About the Leica Q, he shares his perspective and explains that when “compared to other similar bodies, the handling of the Q is outstanding. It is simple, intuitive, I would say close to perfect.”

Referring to his China experience, he mentions he traveled only with the Leica Q. “Composing with the rangefinder is easy and gives you perfect control on the results. I think for every kind of documentary or street photography it is the perfect tool. I like to switch to the 35 mm frame, too. 50 mm frame is also nice, but it is not the equivalent of a real 50 mm lens, of course. In the last week I shouted with the Leica Q in Belgrade, Serbia, documenting the situations of afghan refugees in the abandoned warehouses.” Florian points out that light situations inside buildings was difficult, but again, the camera performed just perfectly. He believes that it would be great to have two Leica Q’s in the future, one with the 28mm and another with a real 50mm lens.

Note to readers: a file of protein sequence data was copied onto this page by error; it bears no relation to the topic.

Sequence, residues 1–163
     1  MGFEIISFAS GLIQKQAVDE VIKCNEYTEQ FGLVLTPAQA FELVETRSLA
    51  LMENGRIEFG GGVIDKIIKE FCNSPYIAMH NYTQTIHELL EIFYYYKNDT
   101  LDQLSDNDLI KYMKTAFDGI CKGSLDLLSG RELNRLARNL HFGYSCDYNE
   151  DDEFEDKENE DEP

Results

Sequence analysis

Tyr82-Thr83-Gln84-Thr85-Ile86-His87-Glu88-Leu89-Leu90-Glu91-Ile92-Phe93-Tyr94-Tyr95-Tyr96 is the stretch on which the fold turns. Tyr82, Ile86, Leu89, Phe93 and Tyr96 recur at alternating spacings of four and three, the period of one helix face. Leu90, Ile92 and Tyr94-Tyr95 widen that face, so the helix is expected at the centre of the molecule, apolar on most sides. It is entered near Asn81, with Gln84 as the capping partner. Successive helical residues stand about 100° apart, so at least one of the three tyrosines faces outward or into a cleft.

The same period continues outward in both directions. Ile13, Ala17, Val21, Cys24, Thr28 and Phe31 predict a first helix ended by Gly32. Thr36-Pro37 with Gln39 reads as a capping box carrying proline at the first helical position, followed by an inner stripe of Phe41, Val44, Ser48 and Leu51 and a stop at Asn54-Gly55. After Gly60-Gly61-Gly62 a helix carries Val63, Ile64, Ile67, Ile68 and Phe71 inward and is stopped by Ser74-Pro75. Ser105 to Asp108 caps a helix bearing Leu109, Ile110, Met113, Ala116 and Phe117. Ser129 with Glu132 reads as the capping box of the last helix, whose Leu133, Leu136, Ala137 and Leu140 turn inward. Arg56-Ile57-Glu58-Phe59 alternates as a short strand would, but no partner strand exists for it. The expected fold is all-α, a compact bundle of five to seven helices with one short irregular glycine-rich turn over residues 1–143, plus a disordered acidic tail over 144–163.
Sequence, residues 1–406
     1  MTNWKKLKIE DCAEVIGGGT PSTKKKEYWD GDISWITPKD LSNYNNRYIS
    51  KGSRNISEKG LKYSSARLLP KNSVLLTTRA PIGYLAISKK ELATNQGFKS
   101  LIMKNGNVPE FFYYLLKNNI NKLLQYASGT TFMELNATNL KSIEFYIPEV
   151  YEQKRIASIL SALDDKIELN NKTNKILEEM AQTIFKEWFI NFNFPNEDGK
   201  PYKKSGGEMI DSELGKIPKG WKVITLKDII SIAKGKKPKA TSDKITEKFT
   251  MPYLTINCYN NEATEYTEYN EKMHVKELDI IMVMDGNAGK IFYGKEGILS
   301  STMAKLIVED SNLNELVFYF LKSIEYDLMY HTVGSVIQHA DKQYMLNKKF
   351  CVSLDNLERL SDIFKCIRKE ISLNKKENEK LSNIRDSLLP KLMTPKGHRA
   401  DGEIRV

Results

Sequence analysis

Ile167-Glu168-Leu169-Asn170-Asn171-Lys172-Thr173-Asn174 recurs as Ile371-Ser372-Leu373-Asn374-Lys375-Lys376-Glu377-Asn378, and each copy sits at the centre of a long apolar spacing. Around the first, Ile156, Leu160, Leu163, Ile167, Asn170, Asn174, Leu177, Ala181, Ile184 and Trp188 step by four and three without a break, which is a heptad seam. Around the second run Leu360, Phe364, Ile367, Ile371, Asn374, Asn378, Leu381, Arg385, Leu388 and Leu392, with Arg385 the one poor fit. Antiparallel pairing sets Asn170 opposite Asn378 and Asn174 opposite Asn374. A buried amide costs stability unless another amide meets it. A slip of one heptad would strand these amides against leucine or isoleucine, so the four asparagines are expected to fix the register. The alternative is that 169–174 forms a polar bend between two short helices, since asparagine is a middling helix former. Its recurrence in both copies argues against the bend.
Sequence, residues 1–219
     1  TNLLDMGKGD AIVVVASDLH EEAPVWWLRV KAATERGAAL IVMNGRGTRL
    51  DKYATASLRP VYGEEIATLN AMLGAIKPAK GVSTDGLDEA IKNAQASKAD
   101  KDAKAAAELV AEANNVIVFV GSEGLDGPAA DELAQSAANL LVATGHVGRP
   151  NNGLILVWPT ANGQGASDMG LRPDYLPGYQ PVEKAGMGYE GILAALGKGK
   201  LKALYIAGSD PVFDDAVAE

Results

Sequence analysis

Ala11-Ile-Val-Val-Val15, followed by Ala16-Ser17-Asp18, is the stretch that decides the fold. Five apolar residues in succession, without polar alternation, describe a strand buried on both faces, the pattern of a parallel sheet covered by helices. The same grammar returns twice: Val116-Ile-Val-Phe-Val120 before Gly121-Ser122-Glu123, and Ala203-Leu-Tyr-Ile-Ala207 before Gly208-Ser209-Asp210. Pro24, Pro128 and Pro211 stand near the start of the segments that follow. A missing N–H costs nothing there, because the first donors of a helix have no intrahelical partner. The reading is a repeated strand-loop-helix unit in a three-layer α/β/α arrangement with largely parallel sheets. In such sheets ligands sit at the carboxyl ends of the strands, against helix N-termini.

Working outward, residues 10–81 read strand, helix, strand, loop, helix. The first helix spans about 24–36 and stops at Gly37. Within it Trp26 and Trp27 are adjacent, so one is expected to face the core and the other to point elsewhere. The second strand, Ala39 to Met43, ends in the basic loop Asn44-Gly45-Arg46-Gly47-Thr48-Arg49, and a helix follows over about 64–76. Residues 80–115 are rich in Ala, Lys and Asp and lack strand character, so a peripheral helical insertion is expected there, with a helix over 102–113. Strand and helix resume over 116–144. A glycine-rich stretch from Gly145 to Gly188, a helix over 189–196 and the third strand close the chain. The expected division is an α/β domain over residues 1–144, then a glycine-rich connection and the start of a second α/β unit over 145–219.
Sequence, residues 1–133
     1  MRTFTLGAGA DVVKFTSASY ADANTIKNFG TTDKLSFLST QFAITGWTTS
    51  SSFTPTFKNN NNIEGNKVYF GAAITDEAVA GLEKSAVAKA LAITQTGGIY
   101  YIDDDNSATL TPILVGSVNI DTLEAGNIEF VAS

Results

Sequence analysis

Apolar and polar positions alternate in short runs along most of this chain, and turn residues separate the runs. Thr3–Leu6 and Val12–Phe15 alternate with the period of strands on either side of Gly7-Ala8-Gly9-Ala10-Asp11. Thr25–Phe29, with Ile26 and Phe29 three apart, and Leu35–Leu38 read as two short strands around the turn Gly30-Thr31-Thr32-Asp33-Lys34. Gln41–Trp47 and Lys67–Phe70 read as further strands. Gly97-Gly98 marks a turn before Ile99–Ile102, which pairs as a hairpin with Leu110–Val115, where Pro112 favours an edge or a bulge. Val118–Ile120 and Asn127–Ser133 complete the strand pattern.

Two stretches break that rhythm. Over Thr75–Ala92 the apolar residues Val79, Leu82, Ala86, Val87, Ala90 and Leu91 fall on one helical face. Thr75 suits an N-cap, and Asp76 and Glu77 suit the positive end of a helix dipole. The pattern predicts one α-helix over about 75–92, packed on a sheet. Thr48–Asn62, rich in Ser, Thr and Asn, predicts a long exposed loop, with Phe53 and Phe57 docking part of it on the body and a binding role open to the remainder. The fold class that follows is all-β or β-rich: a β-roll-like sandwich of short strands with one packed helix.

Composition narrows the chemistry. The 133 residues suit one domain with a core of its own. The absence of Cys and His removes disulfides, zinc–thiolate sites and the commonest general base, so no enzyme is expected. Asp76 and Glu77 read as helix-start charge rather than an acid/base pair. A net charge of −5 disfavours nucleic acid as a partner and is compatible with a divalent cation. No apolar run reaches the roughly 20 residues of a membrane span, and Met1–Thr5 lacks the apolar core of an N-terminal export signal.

Other projects Florian’s working on includes a long-term project on the countries around the Black Sea, together with other photographers (Ramin Mazur, Moldova, Artur Bondar, Ukraine and Orhan Çem Çetin, Turkey). “We think about publishing the results on some kind of online platform, but it is hard to get funding to get things started.”

To know more about Florian Bachmeier and his work, please visit his official website and follow him on Instagram, Facebook and Twitter.